Olympics-Gymnastics-Too young in 2020? Olympic postponement shines spotlight on next generation

  • Oops!
    Something went wrong.
    Please try again later.
·2 min read
Gymnastics - Artistic - Women's Individual All-Around - Qualification
In this article:
  • Oops!
    Something went wrong.
    Please try again later.

By Gabrielle Tétrault-Farber

TOKYO (Reuters) - The female gymnasts who would not have met age eligibility criteria if the Tokyo Games had been held in 2020 are relishing their unique Olympic experience as an unforeseen - and controversial - chance to perform on the world's biggest stage.

The postponement of the Games because of the COVID-19 pandemic posed a dilemma for the International Gymnastics Federation, the sport's governing body, which requires female artistic gymnasts to turn at least 16 in an Olympic year to be eligible.

The federation decided to allow those turning 16 in 2021 - instead of 2020 - to compete in Tokyo in light of the postponement, something that has stirred debate within the sport.

Many gymnasts and coaches argued that age rules should not have taken the postponement into account because they now widen the pool of athletes eligible and threaten to squeeze out more experienced gymnasts.

One of the beneficiaries of the decision is now a podium threat.

Viktoria Listunova, born in May 2005, is part of the Russian Olympic Committee team that finished first in team qualifying.

The 16-year-old, who also reached the floor final, has approached her first Olympics with nonchalance.

"I just treated it like another competition taking place once every four years," said Listunova, the reigning European all-around champion. "But only this time it is taking place once in five years for the first time in history."

For Canada's Ava Stewart, who turns 16 in September, the Tokyo Olympics marked the first time she has travelled without her parents and her first time out of North America.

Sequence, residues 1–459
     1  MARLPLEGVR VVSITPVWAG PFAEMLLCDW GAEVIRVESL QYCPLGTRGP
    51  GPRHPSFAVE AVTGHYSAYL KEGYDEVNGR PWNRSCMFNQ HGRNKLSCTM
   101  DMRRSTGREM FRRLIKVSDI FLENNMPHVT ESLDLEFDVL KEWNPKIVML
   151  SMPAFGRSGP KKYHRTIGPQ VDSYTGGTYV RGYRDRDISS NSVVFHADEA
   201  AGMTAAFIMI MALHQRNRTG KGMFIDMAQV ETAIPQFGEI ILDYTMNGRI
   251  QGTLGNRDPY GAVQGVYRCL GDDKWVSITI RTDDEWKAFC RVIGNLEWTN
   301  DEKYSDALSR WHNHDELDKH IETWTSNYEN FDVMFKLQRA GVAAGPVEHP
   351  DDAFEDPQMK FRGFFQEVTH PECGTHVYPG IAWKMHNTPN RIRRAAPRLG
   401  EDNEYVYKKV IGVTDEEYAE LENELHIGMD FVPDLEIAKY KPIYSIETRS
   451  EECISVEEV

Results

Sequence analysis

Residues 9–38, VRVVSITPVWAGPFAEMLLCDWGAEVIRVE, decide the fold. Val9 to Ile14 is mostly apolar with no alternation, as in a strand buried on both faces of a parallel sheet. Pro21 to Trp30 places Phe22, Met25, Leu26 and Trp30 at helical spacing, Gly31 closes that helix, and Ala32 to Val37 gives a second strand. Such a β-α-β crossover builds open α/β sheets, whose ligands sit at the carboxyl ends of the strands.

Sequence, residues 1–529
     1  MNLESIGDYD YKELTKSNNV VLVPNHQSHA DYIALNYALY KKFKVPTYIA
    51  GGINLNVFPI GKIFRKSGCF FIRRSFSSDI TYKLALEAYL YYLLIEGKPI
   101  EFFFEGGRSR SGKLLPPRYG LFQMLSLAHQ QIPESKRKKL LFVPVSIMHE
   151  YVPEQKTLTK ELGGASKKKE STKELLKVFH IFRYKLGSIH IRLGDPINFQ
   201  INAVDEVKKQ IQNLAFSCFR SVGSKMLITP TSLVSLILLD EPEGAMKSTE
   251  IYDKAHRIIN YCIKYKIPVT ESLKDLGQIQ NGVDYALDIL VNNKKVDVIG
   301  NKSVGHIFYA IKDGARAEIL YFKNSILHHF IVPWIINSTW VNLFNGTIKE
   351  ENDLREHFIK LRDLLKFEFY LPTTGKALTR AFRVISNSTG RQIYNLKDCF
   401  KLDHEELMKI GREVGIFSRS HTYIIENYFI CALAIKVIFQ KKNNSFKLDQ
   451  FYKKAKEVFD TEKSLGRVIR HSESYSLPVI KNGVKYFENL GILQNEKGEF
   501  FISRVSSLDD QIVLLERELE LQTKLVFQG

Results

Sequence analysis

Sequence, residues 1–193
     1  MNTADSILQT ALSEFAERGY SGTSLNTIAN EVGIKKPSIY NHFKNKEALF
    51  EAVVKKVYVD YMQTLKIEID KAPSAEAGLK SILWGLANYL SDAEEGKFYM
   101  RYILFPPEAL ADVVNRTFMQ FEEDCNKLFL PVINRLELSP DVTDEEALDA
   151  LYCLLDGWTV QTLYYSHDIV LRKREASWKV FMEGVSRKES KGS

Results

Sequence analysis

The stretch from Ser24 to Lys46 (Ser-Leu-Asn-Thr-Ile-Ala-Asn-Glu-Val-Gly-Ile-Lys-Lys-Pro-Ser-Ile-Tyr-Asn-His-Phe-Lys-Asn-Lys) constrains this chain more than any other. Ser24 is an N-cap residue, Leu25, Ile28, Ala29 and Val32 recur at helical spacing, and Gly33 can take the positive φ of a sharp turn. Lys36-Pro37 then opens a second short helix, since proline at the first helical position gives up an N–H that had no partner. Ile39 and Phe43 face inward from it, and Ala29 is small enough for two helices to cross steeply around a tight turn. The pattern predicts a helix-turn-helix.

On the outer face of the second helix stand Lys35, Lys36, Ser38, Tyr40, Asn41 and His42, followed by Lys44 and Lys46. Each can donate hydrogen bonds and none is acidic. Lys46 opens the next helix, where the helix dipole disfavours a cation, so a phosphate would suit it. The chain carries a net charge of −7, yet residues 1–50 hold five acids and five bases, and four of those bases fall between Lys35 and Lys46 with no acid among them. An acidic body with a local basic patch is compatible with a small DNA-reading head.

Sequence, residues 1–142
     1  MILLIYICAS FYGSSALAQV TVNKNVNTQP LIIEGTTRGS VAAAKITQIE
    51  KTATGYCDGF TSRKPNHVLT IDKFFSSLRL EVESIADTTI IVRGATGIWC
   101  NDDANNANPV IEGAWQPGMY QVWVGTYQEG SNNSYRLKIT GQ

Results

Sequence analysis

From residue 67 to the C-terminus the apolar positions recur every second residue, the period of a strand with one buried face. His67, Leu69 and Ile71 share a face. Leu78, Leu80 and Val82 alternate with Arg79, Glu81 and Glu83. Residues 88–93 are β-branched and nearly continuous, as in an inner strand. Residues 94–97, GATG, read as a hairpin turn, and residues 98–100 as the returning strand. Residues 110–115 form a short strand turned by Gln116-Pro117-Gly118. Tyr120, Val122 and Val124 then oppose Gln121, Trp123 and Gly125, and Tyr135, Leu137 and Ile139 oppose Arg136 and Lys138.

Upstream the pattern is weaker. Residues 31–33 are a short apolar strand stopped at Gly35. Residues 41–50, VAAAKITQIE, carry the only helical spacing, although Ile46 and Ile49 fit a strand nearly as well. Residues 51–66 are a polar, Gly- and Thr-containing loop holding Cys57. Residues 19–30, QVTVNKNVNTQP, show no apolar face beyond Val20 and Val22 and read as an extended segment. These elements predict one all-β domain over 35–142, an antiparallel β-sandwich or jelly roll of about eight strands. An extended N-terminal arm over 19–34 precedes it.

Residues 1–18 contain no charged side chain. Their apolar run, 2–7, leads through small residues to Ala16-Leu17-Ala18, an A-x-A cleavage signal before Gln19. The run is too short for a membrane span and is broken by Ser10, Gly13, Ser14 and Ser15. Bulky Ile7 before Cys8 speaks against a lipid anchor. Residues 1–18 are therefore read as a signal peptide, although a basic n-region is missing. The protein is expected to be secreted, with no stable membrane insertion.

"I didn't think about it being international or anything like that," said Stewart, who did not qualify for apparatus finals.

"I'm still going to try to go for 2024 (Olympics). That never changed. It's just the fact that I got the opportunity to see what an international competition was, even if I didn't treat it that way."

Jutta Verkest of Belgium, 15, recognises that what has been a coronavirus-triggered advantage for her has soured the atmosphere of an event that is the highlight of many athletes' careers.

"I think that nobody is happy to have coronavirus ... because imagine if the Olympics could have taken place without all these masks?" said Verkest, who turns 16 in October and will compete in the all-around and team finals.

"Then I would not have been part of it, but everything would have been much bigger and very different."

(Reporting by Gabrielle Tétrault-Farber; Additional reporting by Daniel Leussink; Editing by Kenneth Maxwell)

Our goal is to create a safe and engaging place for users to connect over interests and passions. In order to improve our community experience, we are temporarily suspending article commenting